10th Edition

The American School From the Puritans to the Trump Era

By Joel Spring Copyright 2018
    538 Pages 18 B/W Illustrations
    by Routledge

    538 Pages 18 B/W Illustrations
    by Routledge

    This current, comprehensive history of American education is designed to stimulate critical analysis and critical thinking by offering alternative interpretations of each historical period. In his signature straight-forward, concise style, Joel Spring provides a variety of interpretations of American schooling, from conservative to leftist, in order to spark the reader’s own critical thinking about history and schools. This tenth edition follows the history of American education from the seventeenth century to the integration into global capitalism of the twenty-first century to the tumultuous current political landscape. In particular, the updates focus on tracing the direct religious links between the colonial Puritans and the current-day Trump administration.

    • Chapters 1 and 2 have been rewritten to take a closer look at religious traditions in American schools, leading up to the educational ideas of the current U.S. Secretary of Education Betsy DeVos.
    • An updated Chapter 15 further links traditional religious fundamentalist ideas and the twentieth century free market arguments of the Chicago school of economists to President Trump’s administration and the influence of the Alt-Right.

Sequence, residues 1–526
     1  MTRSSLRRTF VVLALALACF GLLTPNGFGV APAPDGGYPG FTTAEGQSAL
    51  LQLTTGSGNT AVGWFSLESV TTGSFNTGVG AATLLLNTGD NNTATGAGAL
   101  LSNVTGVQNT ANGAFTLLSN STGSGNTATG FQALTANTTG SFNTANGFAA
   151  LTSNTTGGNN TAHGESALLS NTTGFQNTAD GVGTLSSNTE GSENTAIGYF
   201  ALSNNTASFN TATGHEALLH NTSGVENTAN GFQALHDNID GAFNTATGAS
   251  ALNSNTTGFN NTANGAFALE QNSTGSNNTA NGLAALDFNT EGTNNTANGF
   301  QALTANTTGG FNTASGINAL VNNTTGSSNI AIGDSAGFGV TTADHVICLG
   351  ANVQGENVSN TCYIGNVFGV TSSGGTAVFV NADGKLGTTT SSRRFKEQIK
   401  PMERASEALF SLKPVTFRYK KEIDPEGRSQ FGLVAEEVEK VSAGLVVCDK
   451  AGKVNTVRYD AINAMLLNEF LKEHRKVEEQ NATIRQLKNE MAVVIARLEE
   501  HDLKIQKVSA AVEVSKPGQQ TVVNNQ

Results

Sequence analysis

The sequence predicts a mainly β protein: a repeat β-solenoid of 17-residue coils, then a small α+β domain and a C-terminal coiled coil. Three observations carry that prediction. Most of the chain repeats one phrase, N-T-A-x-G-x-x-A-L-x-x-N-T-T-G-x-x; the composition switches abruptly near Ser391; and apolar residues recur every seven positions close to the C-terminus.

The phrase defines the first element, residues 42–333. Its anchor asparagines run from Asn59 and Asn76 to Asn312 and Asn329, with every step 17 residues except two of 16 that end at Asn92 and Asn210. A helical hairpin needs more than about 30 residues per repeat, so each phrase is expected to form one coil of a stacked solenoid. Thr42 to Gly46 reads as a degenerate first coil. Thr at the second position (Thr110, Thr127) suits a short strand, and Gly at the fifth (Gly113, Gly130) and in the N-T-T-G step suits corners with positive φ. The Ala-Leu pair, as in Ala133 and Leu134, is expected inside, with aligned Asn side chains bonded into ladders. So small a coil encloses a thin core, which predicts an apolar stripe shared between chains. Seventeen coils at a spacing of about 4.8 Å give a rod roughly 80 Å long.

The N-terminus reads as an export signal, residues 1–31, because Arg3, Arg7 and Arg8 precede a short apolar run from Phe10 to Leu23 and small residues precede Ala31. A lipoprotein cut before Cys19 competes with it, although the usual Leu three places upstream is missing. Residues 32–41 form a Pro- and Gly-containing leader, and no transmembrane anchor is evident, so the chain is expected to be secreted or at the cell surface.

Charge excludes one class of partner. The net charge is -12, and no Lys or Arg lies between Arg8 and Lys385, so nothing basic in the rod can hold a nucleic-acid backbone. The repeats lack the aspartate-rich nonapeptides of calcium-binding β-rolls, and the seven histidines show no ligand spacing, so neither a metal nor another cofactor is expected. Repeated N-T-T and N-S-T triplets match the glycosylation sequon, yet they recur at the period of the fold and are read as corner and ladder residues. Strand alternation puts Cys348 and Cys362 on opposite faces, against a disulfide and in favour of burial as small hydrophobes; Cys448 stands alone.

List of Time Lines

    About the Author  


     1 Thinking Critically about History  

    Interpreting School History: From the Right to the Left  

    Purposes of Educational History and Its Effect on Public Images and Emotions Regarding Schools  

    Themes in American Educational History  

    Globalization Framework

    Religious Debates in U.S. Schools from the Colonial Era to the Present

    Schools and the Culture Wars

    Schools as Managers of Public Thought

    Racial and Ethnic Conflict as a Theme in School History  

    The Role in Educational History of Equality of Opportunity and Human Capital  

    Globalization: Consumer and Environmental Education  

     2 Globalization and Religion in Colonial Education  

    Education and Culture in Colonial Society  

    The Role of Education in Colonial Society  

    Historical Interpretations of Colonial Education  

    Authority and Social Status in Colonial Education  

    Colonialism and Educational Policy  

    Language and Cultural Conflict  

    Native Americans: Education as Cultural Imperialism  

    Enslaved Africans: Atlantic Creoles  

    Enslaved Africans: The Plantation System  

    The Idea of Secular Education: Freedom of Thought and the Establishment of Academies  

    Benjamin Franklin and Education as Social Mobility  

    The Family and the Child  


     3 Nationalism, Multiculturalism, and Moral Reform in the New Republic  

    World Culture Theorists  

    The Problem of Cultural Diversity  

    Religion and Liberty

    Noah Webster: Nationalism and the Creation of a Dominant Culture 

    Thomas Jefferson: A Natural Aristocracy  

    Moral Reform and Faculty Psychology  

    Concepts of Childhood: Protected, Working, Poor, Rural, and Enslaved 

    Charity Schools, the Lancasterian System, and Prisons  

    Institutional Change and the American College  

    Public versus Private Schools  

    Conclusion: Continuing Issues in American Education  

     4 The Ideology and Politics of the Common School  

    Three Distinctive Features of the Common School Movement